When I was in kindergarten, I wanted to make my own Halloween costume. I don't mean I wanted to work with my parents to come up with a good idea, and then have them help me assemble the needed parts. I wanted to make the whole thing, from conceptual sketch to feathered mask. There's surely a developmental phase that explains the whole thing, but since I was insistent that I would wear a costume made of my own hands or not at all, my tolerant parents let me go ahead.

The hero I would become was also an invention of mine: EagleMan. It's a relatively self-explanatory costume, no one having warned me that "Eagleman" is a relatively common last name. The getup was made mostly of the kind of art supplies you give small children: glue, paper, tape, feathers. I used washed out styrofoam meat containers as armor plating, and cut up a pair of cardboard 3D glasses to make eye lenses for my mask. By the end of all my work, I still looked like I was weaing a costume made by a kindergartener, but I had made it, and in a picture that still exists somewhere of me right before I went outside, I look proud.

Of course, it rained. It rained and rained and EagleMan started to dissolve around me. Other kids were getting wet, I was losing my costume and my work. I'm sure I cried and had a miserable time for the rest of the night, but it's also one of my earliet childhood memories. It's the only Halloween before adolescence that I remember with any specificity. If my parents had been controlling enough to intervene, or if they had bought a shiny premade costume to distract me, that year would blend in with the rest.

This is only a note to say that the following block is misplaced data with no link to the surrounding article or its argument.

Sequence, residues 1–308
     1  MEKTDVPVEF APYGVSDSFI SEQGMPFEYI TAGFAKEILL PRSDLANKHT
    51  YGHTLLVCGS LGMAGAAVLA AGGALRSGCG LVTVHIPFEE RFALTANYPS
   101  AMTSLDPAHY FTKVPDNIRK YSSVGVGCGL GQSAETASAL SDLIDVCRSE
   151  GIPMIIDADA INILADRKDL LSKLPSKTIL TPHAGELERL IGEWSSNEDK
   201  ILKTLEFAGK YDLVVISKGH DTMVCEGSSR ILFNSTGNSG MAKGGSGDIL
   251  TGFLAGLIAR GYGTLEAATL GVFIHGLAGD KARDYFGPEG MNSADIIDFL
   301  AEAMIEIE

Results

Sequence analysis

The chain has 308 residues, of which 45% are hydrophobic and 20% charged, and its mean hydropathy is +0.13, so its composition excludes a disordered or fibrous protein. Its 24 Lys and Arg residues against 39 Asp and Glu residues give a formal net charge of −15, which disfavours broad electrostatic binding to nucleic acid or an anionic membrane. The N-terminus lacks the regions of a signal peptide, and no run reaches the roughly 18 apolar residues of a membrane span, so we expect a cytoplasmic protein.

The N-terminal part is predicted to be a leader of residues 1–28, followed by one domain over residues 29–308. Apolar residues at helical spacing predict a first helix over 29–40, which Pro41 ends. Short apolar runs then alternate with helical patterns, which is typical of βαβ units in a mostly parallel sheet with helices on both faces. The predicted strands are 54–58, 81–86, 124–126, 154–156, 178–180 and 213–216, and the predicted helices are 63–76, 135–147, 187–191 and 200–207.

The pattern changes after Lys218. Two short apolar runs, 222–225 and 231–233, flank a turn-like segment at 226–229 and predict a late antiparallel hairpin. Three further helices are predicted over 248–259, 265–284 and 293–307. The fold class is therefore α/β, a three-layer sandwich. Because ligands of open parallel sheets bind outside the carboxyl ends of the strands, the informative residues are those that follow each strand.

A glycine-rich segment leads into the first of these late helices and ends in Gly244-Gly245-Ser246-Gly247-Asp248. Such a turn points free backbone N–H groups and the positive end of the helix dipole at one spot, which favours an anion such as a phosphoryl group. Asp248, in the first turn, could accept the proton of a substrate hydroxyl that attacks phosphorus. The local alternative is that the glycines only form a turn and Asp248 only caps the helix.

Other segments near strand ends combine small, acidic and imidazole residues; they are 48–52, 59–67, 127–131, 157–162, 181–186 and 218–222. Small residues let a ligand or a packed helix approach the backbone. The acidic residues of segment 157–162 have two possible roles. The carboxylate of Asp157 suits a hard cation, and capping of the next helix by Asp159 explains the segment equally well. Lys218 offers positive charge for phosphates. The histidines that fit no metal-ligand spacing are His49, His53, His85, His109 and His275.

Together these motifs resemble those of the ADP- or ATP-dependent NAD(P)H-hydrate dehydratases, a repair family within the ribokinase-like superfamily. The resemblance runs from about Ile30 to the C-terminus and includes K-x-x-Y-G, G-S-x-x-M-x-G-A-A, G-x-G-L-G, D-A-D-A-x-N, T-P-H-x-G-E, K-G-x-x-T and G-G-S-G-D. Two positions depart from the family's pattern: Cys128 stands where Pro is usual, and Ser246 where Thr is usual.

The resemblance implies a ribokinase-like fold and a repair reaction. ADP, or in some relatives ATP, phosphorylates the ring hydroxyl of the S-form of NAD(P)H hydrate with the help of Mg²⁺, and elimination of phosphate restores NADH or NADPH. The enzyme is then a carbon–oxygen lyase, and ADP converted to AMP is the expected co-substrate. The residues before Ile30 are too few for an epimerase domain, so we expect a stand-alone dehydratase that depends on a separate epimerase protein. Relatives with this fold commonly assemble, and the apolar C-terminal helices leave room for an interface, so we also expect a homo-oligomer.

Halloween always makes me think about the relationship between kids and adults. Everyone knows "trick or treat" is supposed to originate from a threat: give us candy and we'll mess up your stuff. These days we're much more worried about threats to kids than from them. Whether it's razorblades in apples (what kind of kid grabs an apple out of a bag of candy?) or another urban myth, parents freak out about what could happen to their children out there in the big bad world. Now there's only a tiny gap between when they're old enough to trick-or-treat without parental supervision and when they're too old to go out at all.

I know exactly as many kids spared later debaucheries in life by overparenting as I do killed by razor apples (0), so instead of checking your favorite DIY blog to find a costume to suit your 10 year old's whims, tell them to find and make it themselves. Think about how many years before trick-or-treating is surpassed by parties (usually around 6th grade), and make sure they get at least a couple out with their friends. If it's a holiday that's about children, let them make it memorable for themselves as much as possible.




Malcolm is a writer based in the Bay Area and the Life/Art channel editor at Shareable. His work has been featured on Alternet, KQED.org, The Los Angeles Free Press, and